Shifting Akamai to the left using Terraform

Recently we migrated our CDNs from Cloudfront to Akamai. We use Terraform for infrastructure as code (IaC) and luckily it supports Akamai as well. Since we had Cloudfront distributions for pretty much every environment, it served as a good moment to reflect on what we’ve taken for granted in the past years, especially since Akamai has the concept of a ‘staging network’ which doesn’t naturally seem to fit in a test-early, test-often approach (Spoiler alert: We don’t use the staging network).

CDNs to the left. Source: Flickr - Benny Mazur (2007), via

Shift Left testing

“Shift left” is popular in the contemporary agile and DevOps IT-landscape, and for good reasons. This article by BMC summarizes it nicely:

Shift Left is a practice intended to find and prevent defects early in the software delivery process. The idea is to improve quality by moving tasks to the left as early in the lifecycle as possible. Shift Left testing means testing earlier in the software development process.

Shift left testing illustrated:

Shift Left testing (image by Launchable, Inc.)

Quoting yet another source,

Shifting left requires two key DevOps practices: continuous testing and continuous deployment.


Another way to reduce the failure rate is to make all environments in the pipeline look as much like production as possible.

So, how does a CDN (any CDN, be it Cloudfront, Akamai, Fastly, you name it) fit into this shift left approach? Very well actually, as long as:

  • The CDN isn’t limited to production only but is present in every environment as early as possible in the development lifecycle. 1
  • Setting up and updating the CDN should be no different than any other code or infra change. As Martin Fowler says: “If it hurts, do it more often”.

Akamai concepts

Compared to Cloudfront, Akamai has some advanced concepts that need to be fitted into an IaC workflow in some way.


An Akamai ‘property’ (what in Cloudfront is called a ‘distribution’) has versions of which one is active at any moment, typically the most recent one. When modifying a configuration of which the latest version is active, this results in a new property version which can be activated when ready.

The staging network

Akamai provides two networks: Production and staging. Property versions can be activated on the staging and production networks independently. The staging network is feature-complete but doesn’t provide the performance of the production network. If the production network would use then the staging network would be accessible using This can be used by modifying the /etc/hosts file, to allow testing before activating the version on the production network.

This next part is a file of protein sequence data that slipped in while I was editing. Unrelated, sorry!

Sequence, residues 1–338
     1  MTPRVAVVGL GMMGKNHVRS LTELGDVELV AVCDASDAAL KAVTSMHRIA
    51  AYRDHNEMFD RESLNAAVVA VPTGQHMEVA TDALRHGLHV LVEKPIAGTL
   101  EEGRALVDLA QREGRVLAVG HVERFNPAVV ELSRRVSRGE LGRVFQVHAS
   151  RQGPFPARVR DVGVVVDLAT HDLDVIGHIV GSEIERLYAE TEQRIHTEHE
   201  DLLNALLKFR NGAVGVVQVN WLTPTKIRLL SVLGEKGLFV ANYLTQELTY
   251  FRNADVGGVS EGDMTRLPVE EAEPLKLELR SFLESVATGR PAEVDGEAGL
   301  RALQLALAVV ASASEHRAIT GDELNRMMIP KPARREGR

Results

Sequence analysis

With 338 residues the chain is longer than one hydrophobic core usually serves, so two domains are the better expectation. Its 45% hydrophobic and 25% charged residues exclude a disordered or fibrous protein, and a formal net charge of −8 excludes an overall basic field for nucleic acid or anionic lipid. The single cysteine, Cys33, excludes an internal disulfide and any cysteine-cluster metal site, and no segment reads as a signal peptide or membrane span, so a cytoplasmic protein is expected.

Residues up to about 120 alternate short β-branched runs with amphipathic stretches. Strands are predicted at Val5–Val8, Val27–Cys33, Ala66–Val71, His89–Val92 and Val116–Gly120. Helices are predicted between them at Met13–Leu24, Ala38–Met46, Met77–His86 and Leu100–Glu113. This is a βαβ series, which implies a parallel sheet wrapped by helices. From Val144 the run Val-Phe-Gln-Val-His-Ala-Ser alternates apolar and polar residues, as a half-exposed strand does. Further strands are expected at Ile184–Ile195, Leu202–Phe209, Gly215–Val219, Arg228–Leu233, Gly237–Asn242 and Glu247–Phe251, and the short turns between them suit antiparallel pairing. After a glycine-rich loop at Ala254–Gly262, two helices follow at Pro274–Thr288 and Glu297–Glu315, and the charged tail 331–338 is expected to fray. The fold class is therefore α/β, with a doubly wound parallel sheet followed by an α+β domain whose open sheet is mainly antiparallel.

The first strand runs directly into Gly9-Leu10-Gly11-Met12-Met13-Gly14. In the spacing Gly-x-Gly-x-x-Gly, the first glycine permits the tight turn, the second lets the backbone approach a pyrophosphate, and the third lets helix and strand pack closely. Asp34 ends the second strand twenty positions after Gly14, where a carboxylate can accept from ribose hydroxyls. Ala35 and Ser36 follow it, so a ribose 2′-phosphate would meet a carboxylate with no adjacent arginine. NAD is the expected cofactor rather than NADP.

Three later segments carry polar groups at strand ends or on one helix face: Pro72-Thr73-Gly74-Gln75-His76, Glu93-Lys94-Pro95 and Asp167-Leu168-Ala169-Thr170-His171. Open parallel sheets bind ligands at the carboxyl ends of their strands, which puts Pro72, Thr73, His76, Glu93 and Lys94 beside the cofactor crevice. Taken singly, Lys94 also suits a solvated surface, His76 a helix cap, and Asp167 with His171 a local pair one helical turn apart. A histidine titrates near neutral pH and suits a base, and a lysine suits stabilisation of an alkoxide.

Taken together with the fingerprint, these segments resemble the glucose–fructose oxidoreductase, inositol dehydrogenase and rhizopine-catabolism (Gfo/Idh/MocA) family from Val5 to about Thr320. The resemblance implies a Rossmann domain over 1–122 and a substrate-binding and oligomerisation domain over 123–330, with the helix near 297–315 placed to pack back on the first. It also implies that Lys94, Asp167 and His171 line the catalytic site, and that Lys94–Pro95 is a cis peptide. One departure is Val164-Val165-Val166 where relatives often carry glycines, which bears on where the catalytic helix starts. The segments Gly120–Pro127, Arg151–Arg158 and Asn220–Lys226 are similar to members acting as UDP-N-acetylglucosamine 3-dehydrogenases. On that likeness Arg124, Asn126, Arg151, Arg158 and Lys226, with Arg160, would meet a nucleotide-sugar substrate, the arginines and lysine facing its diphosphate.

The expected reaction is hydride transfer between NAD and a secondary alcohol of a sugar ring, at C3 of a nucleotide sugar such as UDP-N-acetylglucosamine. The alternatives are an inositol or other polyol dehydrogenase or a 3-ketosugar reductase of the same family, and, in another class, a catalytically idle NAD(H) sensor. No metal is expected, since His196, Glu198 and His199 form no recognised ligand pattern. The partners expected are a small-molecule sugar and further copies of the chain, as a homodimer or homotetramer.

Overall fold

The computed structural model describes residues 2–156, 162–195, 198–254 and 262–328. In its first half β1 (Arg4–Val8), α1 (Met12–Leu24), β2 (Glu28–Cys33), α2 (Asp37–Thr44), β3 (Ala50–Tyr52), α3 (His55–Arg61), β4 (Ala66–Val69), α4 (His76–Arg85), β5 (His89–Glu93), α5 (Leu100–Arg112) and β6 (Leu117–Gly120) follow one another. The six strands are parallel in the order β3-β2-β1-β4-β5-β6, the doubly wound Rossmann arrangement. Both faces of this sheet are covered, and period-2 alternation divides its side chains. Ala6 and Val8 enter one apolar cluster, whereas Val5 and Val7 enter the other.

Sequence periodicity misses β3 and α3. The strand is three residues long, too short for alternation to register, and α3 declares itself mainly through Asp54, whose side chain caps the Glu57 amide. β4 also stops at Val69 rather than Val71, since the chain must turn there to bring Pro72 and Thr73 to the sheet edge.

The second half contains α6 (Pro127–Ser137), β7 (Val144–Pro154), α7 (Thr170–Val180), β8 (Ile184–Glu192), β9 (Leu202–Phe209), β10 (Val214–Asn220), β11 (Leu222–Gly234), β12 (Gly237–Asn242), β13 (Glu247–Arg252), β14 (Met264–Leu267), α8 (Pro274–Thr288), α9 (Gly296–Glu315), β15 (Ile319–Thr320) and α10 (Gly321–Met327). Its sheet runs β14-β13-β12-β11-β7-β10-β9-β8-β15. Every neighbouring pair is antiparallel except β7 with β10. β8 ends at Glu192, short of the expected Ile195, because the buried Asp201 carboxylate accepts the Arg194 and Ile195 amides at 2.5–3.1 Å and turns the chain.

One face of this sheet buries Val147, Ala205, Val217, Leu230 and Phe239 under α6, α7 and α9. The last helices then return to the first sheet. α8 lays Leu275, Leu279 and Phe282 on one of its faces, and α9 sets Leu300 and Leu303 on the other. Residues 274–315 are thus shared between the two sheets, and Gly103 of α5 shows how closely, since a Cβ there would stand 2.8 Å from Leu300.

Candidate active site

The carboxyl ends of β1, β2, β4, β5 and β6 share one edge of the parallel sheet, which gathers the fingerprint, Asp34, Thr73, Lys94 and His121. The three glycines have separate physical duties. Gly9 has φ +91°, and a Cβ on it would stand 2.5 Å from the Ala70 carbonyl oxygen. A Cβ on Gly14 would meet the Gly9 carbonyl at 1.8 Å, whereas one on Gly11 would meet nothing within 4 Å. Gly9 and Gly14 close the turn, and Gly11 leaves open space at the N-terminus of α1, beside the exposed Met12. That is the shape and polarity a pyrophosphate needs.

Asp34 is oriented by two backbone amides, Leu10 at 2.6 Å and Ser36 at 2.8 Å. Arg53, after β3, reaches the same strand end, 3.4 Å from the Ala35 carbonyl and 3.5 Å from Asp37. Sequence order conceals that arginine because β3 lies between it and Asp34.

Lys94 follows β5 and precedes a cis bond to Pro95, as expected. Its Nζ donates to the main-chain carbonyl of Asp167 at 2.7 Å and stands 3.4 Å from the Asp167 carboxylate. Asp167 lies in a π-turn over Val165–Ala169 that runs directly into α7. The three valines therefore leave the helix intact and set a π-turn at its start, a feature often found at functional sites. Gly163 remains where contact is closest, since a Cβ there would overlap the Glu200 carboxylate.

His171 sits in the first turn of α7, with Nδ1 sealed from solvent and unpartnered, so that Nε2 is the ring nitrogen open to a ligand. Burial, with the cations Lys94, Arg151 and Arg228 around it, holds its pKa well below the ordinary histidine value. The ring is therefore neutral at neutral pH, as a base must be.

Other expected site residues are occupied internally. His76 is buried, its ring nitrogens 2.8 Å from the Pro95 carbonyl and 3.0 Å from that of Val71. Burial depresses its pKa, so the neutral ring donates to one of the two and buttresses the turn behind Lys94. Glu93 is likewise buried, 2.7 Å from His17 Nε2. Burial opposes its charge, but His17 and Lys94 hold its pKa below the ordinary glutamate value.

Adapting to IaC

One can observe that both of the above concepts seem to originate from a more traditional acceptance testing practice happening late in the development lifecycle. In an IaC practice they loose some of their relevance and can even cause ambiguity that can be considered undesirable:

  • Configuration versions are already present by having configuration in source control. The active version is determined by the branching model that is used (commonly ‘latest master’), combined with any automation that exists.
  • The Akamai staging network can be used to test a property version, but it’s not really a staging environment since it uses the production origins. 2 To illustrate: One could only test the integration of an application and a CDN change after deploying the application to production. This limits the scope of what can be tested using the staging network. So for test, let alone multiple test (feature) environments, more than one property is needed.

What we found works well:

  • Create a property for all environments: test (one or multiple), staging and production.
  • Always activate the latest version.
  • Test on test, which is fully representative, using any automation one has, for example cypress e2e tests.

This way the delivery of Akamai config changes is identical to that of application changes.

Note that it still allows shit-hits-the-fan rollbacks: The first hour after activating a production property version, there’s a quick fallback option. This can be activated (stop the bleeding), after which the active version defined in IaC can be aligned with the actual active version and a fix can be worked on (proper surgery).